Farmers and crofters are being urged to ensure their machinery is safe and in good working order ahead of this year’s silage season.
Rural insurer NFU Mutual is calling on all farmers to “think safety first” as many have either started, or are preparing to start, first-cut silage.
“Silage making is one of the busiest times of the year for livestock farmers and contractors, and puts machinery and workers under a lot of strain,” said Andy Manson, managing director of NFU Mutual’s risk management services division.
“Tractors and trailers which may not have been out for months suddenly get used to the max, and long hours can increase the risk of accidents when drivers are tired.”
He said NFU Mutual had produced a series of safety tips for silage season.
This includes a plea to check moving parts of mowers, tedders, forage harvesters and balers – including guarding such as a PTO shafts – for wear or damage, and to carry out all recommended maintenance before making a start on grass cutting.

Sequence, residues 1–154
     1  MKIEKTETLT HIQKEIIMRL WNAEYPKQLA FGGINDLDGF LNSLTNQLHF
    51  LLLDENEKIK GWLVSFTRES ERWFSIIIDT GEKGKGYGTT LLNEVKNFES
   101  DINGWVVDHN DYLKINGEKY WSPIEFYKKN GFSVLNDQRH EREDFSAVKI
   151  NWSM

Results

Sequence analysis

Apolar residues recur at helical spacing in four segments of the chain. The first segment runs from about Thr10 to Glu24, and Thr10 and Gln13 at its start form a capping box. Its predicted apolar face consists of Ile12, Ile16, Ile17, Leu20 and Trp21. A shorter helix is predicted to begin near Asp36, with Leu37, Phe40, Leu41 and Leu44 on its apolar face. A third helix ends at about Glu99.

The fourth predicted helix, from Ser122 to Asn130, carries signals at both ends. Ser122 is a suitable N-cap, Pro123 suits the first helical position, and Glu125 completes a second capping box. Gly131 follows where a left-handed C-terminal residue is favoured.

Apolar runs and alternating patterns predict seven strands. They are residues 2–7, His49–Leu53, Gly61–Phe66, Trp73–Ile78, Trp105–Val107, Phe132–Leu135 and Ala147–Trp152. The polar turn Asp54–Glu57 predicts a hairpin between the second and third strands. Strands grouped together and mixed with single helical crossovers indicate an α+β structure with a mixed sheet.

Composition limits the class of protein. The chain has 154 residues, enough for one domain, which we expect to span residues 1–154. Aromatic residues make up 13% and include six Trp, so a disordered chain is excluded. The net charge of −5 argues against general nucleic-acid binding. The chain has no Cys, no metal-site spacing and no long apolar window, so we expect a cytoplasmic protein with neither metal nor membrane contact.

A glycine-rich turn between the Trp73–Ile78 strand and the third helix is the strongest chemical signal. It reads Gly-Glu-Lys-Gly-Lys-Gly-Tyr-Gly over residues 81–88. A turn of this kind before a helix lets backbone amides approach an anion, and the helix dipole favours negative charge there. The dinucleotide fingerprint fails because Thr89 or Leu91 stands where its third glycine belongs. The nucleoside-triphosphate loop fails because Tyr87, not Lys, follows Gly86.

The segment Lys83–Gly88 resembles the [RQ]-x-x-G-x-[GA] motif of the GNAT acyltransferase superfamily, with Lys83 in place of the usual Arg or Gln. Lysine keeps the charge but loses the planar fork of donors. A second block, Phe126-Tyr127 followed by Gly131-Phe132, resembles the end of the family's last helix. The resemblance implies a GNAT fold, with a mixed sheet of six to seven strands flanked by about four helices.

Farmers and contractors are also reminded to switch off engines and ensure parts have stopped moving before clearing blockages or carrying out maintenance, and to remove the keys to prevent any machines accidentally starting up.
The safety advice also includes taking time to ensure trailers are road legal with fully maintained and working brakes, lights, indicators and flashing beacons.
Mr Manson encouraged farmers to familiarise themselves with, and follow the advice from, the Tilly your Trailer initiative – this has an 18-point inspection procedure and certificate aimed at ensuring trailers are properly maintained, safe for road use, and comply with safety legislation.
“This year, with many more people out and about in the countryside, it’s also important to make all team members aware of lanes and commonly used routes through fields used by walkers and cyclists so they can take care to avoid the risk of a collision,” added Mr Manson.
He also advised farmers to keep mobile phones on them so they can contact someone if there is an emergency, to ensure all tractor and machinery drivers know where overhead power lines are, and to keep children away from working areas.